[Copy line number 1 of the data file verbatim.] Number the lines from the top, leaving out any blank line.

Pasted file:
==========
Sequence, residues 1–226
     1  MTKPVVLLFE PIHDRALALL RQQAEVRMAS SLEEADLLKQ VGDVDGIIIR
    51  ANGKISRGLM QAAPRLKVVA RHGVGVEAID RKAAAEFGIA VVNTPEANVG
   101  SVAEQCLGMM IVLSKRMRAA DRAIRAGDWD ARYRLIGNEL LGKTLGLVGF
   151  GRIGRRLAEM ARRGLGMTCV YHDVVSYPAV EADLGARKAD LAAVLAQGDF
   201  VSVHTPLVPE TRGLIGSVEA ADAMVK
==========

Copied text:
Sequence, residues 1–226